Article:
NS

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I'm sorry Mr.B but I side with Peter. Even if all organists had an Olympic Standard instrument and identical libraries/repertoires to draw from, I still think it would be both polite and sensible for a keen bride to check on the availablity/suitability of a particular item.

 

Don't get me wrong, I like to keep everyone happy, but collaboration in advance is very definitely the way to achieve this. I have had this 'It's my wedding and I'll have what I like' speech (only rarely) but it can be very unwelcome/unhelpful. I had, for instance, a bride who insisted that she wanted the complete Toccata and Fugue in D minor (7 minutes) to come in to. I offered to find her another organist.

 

I'm sure I have listed some of the most stupid requests before, but one I managed to turn down amicably was 'I whistle a happy tune' from The King and I. I pointed out to bride and mother that anyone who knew the words would know

1. the song is all about being afraid

2. that the word 'erect' appears very near the beginning. Appropriate for the day, maybe - appropriate for the service, no.

 

I agree with Paul.

 

Here at the Minster we often get requests for quite difficult music. I have, on at least two occasions, played the wedding procession out to the Prelude and Fugue in B major, by Marcel Dupré. On other occasions, I have played the Final from Widor's Sixième Symphonie. On other occasions, I have played one of Elgar's Pomp and Circumstance marches (possibly number four) - not easy when playing all the pedal semiquavers as arranged in the copy which I possess. I have not yet been asked for the Toccata from the Suite (Op. 5) by Duruflé, but there has been the odd movement from symphonies by Louis Vierne (the Final from number one, for example.)

 

On one occasion I talked a bride out of wanting to enter to Bluebeard's Castle (I think that is the title). I pointed-out that it was an orchestral piece and I did not know of an organ arrangement and that it would cost her a lot of money for me to spend time arranging it myself - unless she wanted to try to locate a copy. I also suggested that it was not perhaps the most suitable piece with which to walk up the aisle. In the end, she entered to the opening section of the first movement from Widor's Sixième Symphonie and went out to the Final from the same symphony. Both she and her husband were delighted - and sent me a thank-you card (with a cheesy picture on the front; one in which it looked as if the photographer had placed a toilet roll centre in front of the lens, then feathered the edges on Photoshop - I am sure that some here have seen the like).

 

For that matter, imagine the fuss if it was the other way around - and the bride wished the officiating priest to preach on the filioque clause in the Nicene Creed - and printed it on the service sheets, but only told the organist....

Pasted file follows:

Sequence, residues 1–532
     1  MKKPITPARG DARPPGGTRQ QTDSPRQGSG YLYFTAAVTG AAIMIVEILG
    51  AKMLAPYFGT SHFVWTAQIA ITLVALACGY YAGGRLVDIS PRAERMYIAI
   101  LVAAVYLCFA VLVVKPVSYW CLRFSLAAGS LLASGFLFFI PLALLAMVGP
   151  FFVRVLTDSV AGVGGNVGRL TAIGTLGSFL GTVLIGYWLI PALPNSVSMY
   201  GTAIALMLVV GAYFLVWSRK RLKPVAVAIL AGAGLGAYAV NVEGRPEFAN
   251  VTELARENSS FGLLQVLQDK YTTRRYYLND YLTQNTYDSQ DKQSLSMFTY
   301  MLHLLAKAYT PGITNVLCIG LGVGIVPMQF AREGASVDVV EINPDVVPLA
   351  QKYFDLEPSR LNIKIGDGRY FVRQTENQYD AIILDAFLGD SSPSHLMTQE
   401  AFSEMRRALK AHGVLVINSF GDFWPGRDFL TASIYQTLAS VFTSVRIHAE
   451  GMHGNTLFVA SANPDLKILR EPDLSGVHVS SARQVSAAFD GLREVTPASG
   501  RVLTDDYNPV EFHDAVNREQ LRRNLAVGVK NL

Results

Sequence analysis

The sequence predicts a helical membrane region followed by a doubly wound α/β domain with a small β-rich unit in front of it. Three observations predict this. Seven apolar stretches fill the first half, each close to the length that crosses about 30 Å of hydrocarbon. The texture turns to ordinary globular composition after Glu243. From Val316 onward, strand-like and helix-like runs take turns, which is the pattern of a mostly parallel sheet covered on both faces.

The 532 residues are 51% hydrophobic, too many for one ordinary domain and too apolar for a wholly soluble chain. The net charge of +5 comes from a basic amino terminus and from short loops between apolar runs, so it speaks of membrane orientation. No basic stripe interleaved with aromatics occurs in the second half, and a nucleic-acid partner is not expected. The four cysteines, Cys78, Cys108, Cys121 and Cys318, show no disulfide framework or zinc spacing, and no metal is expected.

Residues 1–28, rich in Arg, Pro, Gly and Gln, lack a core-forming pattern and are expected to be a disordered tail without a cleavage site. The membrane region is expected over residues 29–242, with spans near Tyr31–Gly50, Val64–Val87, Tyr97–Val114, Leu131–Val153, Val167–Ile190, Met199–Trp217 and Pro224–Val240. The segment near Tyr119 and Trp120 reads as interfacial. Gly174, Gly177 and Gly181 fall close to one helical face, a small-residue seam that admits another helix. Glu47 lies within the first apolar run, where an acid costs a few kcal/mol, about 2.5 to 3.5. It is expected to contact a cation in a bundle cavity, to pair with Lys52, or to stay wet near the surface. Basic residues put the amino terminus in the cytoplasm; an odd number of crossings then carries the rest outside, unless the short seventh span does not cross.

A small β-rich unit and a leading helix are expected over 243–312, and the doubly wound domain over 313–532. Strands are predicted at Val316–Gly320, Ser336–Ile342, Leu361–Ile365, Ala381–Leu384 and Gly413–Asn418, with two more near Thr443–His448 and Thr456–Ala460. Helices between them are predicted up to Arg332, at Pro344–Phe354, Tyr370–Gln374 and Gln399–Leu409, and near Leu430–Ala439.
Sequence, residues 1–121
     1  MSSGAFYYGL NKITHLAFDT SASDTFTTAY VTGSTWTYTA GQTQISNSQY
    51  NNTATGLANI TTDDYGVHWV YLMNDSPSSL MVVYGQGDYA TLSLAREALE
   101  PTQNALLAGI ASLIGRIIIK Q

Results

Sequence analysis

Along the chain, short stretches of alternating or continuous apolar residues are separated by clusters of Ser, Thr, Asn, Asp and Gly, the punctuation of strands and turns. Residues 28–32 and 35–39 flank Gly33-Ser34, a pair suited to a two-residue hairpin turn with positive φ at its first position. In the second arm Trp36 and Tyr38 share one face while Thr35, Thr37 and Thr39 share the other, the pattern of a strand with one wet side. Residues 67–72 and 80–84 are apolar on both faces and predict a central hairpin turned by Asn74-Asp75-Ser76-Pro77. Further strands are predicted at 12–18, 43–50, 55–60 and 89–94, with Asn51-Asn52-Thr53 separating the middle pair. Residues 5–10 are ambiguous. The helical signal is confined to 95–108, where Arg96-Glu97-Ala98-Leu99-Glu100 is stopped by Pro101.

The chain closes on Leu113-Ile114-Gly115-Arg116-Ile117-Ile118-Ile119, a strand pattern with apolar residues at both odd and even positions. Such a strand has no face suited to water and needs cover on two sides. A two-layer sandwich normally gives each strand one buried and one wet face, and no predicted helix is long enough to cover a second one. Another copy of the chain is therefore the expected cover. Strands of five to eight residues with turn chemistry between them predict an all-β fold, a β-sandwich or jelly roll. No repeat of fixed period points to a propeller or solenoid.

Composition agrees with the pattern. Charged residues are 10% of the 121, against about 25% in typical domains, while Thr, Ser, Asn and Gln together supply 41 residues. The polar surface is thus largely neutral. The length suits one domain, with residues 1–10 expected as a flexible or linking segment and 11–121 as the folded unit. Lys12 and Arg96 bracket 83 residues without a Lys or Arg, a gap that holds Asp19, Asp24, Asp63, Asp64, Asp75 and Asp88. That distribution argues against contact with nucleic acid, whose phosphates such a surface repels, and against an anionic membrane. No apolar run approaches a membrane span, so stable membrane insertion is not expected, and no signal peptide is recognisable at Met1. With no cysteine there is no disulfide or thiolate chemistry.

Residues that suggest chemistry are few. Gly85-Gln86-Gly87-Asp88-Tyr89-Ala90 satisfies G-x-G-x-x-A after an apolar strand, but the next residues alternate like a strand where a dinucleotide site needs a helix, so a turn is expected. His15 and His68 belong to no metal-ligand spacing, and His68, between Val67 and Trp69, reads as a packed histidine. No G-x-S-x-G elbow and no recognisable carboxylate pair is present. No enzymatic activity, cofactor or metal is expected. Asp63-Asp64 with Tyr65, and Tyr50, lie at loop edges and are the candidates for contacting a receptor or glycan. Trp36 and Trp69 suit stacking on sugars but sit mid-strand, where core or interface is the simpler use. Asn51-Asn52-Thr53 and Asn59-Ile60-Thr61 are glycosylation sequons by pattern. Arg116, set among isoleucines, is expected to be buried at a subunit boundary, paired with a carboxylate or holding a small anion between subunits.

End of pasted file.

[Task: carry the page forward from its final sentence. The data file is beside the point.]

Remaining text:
I would not particularly wish to discover (by dint of being given a service sheet hot from the printer's a week before the event) that I am to play a bride out to something really difficult the next Saturday.

 

I have also had the rules changed at the Minster. We no longer allow visiting organists to play for friends' weddings. This summer, we had one who was unable to play remotely accurately and simply could not manage the Minster organ competently. We also had a bride who wished a friend to play, but tried to refuse to pay my 'stand-down' fee. It was pointed-out to her that she would not be allowed to book her car into a garage for repair work, then expect the garage owners to let her brother work on the car, simply using all the facilities of the garage - and not to pay anything.

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I don't see the issue here. It's her wedding, why can't she choose her own music? Is your concern that it might have been unsuitable or too difficult to play?

 

 

My concern was not the suitability as such (although this is a factor - see below) nor the difficulty level - but had I been asked to play Psalm 94 or Ad Nos I might have had second thoughts. My concern was that I might have been presented with an order of service containing music I did not know or at least did not own the score of, and would I have been prepared to spend less than a fortnight learning such? And it may be "her wedding" but it takes place within a liturgical framework where certain things are expected and certain things are certainly not. If a couple wish to marry in church then they should go by the church's rules, and be prepared to be guided by those whose expereince in liturgy and mmusic may exceed their own by many years.